Series: How I made ...
I’ve re-designed my personal site recently since the old version had too much description words, which is not the best design I could offer as a Web Front-End Designer :smirk:. You may probably find some interesting features at this site (especially the home page), so this post is served as an introduction of how to implement them.
What You Will Learn In This Post
There’s a Tao-like image at home page (you should probably have a look at it if you haven’t yet). With mouse moving around, its shadow would move correspondingly with mouse position, which makes your mouse seem like a light source!
Background of this post looks like 3 sheets of paper. If you found that interesting, you may learn how to implement it in the following introduction.
Now, let’s start to learn how to make this cool site! :yum:
Notice the difference between the following two images.
I would not regard this amazing without the interaction with mouse moving. But it’s a really cool effect when your mouse seems to be a light source.
Make sure they are of the same size and the second image cover on the first one entirely so that it looks like:
This can be easily achieved by using some simple CSS. Set the CSS of the second image to be
position: relative; and
top: -400px;, which means to move the second image
400px (height of the images) up than its original position.
If you’re wondering why we don’t just Photoshop the image merged by these two image, that’s because only in this way can we change the
opacityof the second image, which will be explained later.
divto be shadow.
We need the
div to be a circle with the same size with those in the images. So we set its
border-radius to be the radius of cicles in the images, which is
5 / 6 of
400px, and its
height to be double radius size. The left
1 / 6 can be occupied by
We set the
box-shadow to be
100px 100px 100px #333 now just to check if everything’s going on well here.
Suppose you did everything as was told above, you should probably get something like this:
It seem’s that the shadow is slightly way from the images. But the fact is that even the two images are not in the same position, althrough you may not notice this due to the transparent background.
So, what’s wrong?
If you’re careful enough, you may find that two adjcent images will have a gap even if
padding are set to be
0. This is exactly what caused the problem in our case, and can be settled by setting the
display attribute of image to be
Now, we have the gap eliminated:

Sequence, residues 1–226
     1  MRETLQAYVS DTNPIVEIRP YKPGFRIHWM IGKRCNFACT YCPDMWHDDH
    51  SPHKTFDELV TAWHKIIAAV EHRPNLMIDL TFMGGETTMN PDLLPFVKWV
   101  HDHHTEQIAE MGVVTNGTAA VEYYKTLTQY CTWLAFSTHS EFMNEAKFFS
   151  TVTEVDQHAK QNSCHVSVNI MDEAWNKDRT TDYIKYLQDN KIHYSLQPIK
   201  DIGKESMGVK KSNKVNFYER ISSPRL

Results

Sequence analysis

####Then, add mouse event.
We want to create soft-shadow effect as shown in the following image:
The idea here is to add a mouse move event listener and change the
opacity to be smaller and shadow
offset to be larger when mouse position is away from the center of screen.
Here’s how to implement it with jQuery.
We first calculate mouse position in screen with unified
y. So top-left corner of the screen is
(-1, -1) and bottom-right is
r to represent distance from center to mouse position. We use
var r = Math.sqrt((x * x + y * y) / 2); instead of
var r = Math.sqrt((x * x + y * y)); so that
r is also unified (between
We can set the
opacity to be
1 - r or, in my case, to be
1 - Math.sqrt(r);, so that it’s non-linear and may offer better effect.
The complete code would be:
$('#titleCircle')is the circle used as shadow and
$('#titleWords')is the image with words on it.
1) PhotoShop a paper-like image.
2) Set the background of this post to be this image.
3) Add some shadow if you wish.
.pageBack is used for all sheets of paper in the background.
-webkit-backface-visibility: hidden;is used to eliminate the jaggies caused by rotation which works only on webkit platform.
We need another two classes to represent rotation of two sheets:
Now, with HTML
we can get:
To make it look better, we would like to move the sheets in the background a little.
Now, we can get an elegant effect:
I use GitHub to host my blog and I don’t have any database which can be accessed all the time. So I decide to build a static blog. After some research, I chose Jekyll out of its competitors, due mostly to its close relation to GitHub.
There’re many good posts about how to set up a blog with Jekyll and GitHub, and I’m not going to dive into it. For those who want to know about this, I would recommend Andrew Munsell’s article Learning Jekyll By Example: Build a Jekyll Website, Start to Finish.
I’m going to write more about Web Front-End technology and possibly some other interesting topics (e.g.: Face Detection and Machine Learning). Hope it can be helpful for you! :blush:
Series: How I made ...
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